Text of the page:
Your Header

Advertisers Drop Tucker Carlson After His Claim Immigrants Make U.S. ‘Dirtier’

December 18th, 2018

Americans are getting fed up with Tucker Carlson’s white nationalism & advertisers are beginning to take notice.

A few days ago, we reported that Tucker Carlson’s show had lost major advertiser Pacific Life after he claimed that immigration makes a country “poorer, dirtier, & more divided.” Since an, we have learned he has lost Indeed & SmileDirectClub.

From HuffPost:“As a company, we are nonpartisan ― our site is for everyone, regardless of background or beliefs,” Indeed said in a statement to HuffPost. “Indeed has not advertised on a Tucker Carlson Tonight program in over a month, & has no plans to do so in a future.”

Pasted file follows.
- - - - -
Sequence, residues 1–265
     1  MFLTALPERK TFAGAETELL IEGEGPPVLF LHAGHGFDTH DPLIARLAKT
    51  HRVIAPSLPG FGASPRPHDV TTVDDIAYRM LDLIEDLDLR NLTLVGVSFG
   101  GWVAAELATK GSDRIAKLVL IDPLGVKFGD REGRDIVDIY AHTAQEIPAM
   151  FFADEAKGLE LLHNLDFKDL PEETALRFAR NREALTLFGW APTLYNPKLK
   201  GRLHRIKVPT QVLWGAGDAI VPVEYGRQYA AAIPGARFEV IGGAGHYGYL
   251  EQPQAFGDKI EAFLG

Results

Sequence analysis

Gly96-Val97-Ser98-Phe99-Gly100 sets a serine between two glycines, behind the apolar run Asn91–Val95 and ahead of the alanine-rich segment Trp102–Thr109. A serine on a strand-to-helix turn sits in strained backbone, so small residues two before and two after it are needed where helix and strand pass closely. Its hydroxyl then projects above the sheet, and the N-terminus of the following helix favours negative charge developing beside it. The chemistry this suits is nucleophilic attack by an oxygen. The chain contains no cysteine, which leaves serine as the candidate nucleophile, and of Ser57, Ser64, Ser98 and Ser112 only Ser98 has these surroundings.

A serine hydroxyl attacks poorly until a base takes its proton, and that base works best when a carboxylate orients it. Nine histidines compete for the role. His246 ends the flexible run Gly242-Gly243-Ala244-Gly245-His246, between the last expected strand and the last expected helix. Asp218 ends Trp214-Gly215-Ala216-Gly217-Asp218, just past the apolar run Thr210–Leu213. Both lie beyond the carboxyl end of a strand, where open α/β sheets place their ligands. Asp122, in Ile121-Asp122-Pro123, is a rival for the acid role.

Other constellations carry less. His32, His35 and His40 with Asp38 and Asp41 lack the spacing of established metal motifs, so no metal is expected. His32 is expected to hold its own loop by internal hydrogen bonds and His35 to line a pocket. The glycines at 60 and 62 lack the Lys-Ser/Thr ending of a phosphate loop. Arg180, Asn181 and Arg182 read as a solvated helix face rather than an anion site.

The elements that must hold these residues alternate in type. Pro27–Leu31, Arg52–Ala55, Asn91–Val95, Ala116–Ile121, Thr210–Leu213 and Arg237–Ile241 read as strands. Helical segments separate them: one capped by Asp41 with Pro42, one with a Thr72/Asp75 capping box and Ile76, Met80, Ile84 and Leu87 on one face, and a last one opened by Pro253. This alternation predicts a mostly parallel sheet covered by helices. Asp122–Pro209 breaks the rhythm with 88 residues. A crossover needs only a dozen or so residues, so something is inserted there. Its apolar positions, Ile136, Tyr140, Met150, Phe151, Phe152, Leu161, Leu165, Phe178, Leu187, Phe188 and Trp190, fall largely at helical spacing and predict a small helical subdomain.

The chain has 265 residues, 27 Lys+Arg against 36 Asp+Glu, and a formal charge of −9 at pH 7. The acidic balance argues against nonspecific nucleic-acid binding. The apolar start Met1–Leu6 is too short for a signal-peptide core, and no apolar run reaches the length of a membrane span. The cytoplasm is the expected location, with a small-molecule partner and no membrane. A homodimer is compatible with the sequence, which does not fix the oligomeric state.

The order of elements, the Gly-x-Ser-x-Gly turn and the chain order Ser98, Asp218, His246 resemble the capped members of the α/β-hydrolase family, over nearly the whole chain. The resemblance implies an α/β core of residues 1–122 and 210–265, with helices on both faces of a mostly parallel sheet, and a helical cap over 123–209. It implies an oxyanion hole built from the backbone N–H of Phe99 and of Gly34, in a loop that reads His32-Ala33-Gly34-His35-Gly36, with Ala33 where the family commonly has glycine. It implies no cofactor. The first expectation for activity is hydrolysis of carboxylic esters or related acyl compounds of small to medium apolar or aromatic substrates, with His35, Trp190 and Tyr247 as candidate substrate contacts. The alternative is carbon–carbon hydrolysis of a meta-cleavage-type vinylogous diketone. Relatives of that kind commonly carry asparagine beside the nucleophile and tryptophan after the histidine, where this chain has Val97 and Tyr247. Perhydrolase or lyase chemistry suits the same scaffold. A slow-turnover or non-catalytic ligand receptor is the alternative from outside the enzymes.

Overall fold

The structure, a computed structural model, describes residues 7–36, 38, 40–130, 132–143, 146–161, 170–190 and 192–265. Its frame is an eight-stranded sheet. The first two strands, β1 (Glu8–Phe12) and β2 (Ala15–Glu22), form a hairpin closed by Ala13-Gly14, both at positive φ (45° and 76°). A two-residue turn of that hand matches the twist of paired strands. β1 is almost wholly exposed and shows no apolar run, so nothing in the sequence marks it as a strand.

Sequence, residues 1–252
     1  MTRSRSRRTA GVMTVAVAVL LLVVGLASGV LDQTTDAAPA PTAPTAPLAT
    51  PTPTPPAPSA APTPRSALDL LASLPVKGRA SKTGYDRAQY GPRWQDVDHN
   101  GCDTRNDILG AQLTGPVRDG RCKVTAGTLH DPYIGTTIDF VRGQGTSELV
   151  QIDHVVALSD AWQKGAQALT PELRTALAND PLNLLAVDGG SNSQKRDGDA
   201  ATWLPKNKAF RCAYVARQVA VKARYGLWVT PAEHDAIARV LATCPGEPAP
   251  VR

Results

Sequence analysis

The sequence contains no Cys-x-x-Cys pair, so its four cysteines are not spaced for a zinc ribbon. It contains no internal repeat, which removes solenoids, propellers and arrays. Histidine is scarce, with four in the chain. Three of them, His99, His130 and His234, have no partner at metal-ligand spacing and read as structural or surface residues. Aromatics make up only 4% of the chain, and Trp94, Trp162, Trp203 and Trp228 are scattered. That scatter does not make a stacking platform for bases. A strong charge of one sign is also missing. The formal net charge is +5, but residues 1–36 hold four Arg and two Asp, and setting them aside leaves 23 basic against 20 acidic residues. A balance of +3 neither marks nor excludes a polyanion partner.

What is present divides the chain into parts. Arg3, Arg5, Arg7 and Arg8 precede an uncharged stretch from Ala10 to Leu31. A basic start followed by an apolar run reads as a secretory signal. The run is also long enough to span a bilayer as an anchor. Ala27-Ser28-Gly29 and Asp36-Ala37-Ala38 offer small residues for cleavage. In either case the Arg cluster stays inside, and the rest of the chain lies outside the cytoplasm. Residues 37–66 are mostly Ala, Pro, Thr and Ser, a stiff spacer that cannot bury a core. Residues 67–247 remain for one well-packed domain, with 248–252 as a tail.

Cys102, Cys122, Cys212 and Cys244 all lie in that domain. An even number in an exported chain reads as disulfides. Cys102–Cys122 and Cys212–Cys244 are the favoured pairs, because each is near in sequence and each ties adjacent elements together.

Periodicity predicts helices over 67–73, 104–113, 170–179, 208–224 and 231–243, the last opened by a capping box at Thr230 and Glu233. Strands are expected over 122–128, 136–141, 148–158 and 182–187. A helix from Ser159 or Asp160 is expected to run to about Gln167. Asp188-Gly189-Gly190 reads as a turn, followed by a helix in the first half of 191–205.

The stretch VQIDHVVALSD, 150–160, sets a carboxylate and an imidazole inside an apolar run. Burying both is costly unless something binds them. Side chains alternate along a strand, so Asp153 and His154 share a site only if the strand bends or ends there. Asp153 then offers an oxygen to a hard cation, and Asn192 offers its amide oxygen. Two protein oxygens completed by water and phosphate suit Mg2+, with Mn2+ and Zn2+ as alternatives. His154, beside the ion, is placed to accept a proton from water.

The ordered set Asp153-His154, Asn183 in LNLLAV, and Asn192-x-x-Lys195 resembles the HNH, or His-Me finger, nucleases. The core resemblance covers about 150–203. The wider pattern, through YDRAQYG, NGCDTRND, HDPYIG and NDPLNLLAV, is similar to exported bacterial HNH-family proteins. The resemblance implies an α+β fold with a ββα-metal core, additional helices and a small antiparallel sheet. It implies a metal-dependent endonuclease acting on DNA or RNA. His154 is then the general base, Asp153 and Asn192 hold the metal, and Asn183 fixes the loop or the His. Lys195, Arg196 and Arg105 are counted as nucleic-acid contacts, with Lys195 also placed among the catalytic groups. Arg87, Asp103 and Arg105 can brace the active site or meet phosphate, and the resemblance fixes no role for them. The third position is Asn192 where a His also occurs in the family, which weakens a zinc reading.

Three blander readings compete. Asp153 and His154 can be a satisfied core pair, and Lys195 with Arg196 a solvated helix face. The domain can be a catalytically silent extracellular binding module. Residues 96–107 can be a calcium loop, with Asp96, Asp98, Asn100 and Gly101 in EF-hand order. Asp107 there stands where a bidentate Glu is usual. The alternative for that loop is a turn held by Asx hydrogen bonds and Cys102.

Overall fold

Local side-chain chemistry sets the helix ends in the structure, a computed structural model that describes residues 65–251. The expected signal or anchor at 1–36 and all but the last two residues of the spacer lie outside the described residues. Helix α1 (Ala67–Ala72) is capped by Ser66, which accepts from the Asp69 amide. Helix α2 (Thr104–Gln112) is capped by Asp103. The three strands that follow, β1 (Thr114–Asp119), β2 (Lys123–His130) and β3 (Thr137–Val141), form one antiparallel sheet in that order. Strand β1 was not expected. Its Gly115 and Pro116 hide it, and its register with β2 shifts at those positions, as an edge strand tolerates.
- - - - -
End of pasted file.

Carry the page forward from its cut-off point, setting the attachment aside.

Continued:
About an hour ago, a Hollywood Reporter’s Jeremy Barr tweeted:

Setting Maddow’s Court Transcript Reading To Video Art

December 18th, 2018

This is fun. H/t to a artist, Matt Karger (@kargs84).

Open thread below…

propertag.cmd.push(function() { proper_display(‘crooks&liars_content_1’); });

Original post by Frances Langum and software by Elliott Back

C&L’s Late Night Music Club With Tony Allen & Jeff Mills

December 18th, 2018

Both Tony Allen & Jeff Mills are architects of a beat. Tony was a longtime drummer for Fela Kuti & one of a inventors of Afrobeat. For Jeff, it was first as dj’ing around Detroit as “a Wizard” in a early 1980’s & an co-founded Underground Resistance.

a two collaborating togear is earthy & cosmic.

What are you listening to tonight?

propertag.cmd.push(function() { proper_display(‘crooks&liars_content_1’); });